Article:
|Optimize Parallel Pumping Systems|
|Written by USDOE Office of Industrial Technologies|
|Thursday, 24 June 2010 08:02|
Optimize Parallel Pumping Systems
When multiple pumps operate continuously as part of a parallel pumping system, there can be opportunities for significant energy savings. For example, lead and spare (or lag) pumps are frequently operated together when a single pump could meet process flow rate requirements. This can result from a common misconception—that operating two identical pumps in parallel doubles the flow rate. Although parallel operation does increase the flow rate, it also causes greater fluid friction losses, results in a higher discharge pressure, reduces the flow rate provided by each pump, and alters the efficiency of each pump. In addition, more energy is required to transfer a given fluid volume.
Parallel Pumping Basics
The total system flow rate is equal to the sum of the flow rates or contributions from each pump at the system head or discharge pressure. Parallel pumps provide balanced or equal flow rates when the same models are used and their impeller diameters and rotational speeds are identical. When possible, a recommended design practice is to have parallel pumps moved from beyond Best Efficiency Point (BEP) at low system flow rates (fewer pumps operating) to the left of BEP at the highest flow rate. An ideal scenario will allow the pumps to have the highest possible average operating efficiency for the overall flow rate vs. time profile.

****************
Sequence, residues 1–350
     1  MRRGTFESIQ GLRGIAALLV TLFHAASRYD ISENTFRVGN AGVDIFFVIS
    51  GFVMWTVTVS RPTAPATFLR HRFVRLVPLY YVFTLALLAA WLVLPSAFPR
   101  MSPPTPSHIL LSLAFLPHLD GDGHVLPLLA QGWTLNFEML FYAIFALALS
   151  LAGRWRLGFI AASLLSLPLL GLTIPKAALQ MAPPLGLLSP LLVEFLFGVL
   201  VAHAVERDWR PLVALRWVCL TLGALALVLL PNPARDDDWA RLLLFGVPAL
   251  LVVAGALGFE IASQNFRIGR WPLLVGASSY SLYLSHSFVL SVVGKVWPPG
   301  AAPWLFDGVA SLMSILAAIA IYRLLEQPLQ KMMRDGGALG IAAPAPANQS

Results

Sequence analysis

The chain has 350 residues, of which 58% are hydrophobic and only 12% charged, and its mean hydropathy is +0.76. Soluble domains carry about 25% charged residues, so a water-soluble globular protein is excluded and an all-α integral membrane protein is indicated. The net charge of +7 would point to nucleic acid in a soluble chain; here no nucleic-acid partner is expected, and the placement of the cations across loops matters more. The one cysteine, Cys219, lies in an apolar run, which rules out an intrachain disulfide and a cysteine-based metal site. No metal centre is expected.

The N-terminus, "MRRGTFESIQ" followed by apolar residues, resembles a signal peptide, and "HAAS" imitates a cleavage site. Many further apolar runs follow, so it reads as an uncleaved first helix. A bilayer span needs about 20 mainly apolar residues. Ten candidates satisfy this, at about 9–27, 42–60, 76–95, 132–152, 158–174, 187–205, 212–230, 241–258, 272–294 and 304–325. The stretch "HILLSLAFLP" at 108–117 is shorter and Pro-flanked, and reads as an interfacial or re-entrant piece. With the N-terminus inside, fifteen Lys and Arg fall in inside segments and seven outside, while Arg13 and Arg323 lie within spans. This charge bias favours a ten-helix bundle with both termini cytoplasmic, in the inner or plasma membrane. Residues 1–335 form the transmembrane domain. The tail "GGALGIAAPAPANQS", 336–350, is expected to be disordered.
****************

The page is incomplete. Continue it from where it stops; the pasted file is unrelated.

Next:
Dissimilar pumps may be installed in parallel, as well, as long as the pumps have similar shutoff head characteristics and/or are not operated together continuously unless provisions are made to prevent dead-heading.
Some efficient, high-head/low-capacity, centrifugal pumps used in process industries have “drooping” pump performance curves. These pumps supply peak pressure at a certain flow rate, and the pumping head decreases in approaching no-flow conditions. Identical pumps with drooping head-versus-capacity curves should not operate in parallel at variable flow rates under conditions in which capacity requirements can approach zero.
When an identical parallel pump is switched on, the operating point of the composite system shifts to 2,500 gpm at 159 ft of head (see the figure). Each pump now operates at 80% efficiency while providing a capacity of 1,250 gpm. Although the fluid flow rate increases by only 25%, the electric power required by the pumping system increases by 62.2%:
P2 pumps = 0.746 kW/hp x (2,500 gpm x 159 ft) / (3,960 x 0.8 x 0.94)
= 99.6 kW
For fluid transfer applications, it is helpful to examine the energy required per million gallons of fluid pumped. When a single pump is operating, the energy intensity (EI) is as follows:
EI1 = 61.4 kW / (2,000 gpm x 60 minutes/hour x million gallons/106 gallons)
= 512 kWh/million gallons
When both pumps are operating, the EI increases as follows:
EI2 = 99.6 kW / (2,500 gpm x 60 minutes/hour x million gallons/106 gallons)
= 665 kWh/million gallons
When both pumps are operating in parallel, approximately 30% more energy is required to pump the same volume of fluid. The electrical demand charge (kW draw) increases by more than 62%. If the current practice or baseline energy consumption is the result of operating both pumps in parallel, pumping energy use will decrease by 23% if process requirements allow the plant to use a single pump.
FOR ADDITIONAL INFORMATION, PLEASE CONTACT:
EERE Information Center
Industrial Technologies Program
Energy Efficiency and Renewable Energy
U.S. Department of Energy
Washington, DC 20585-0121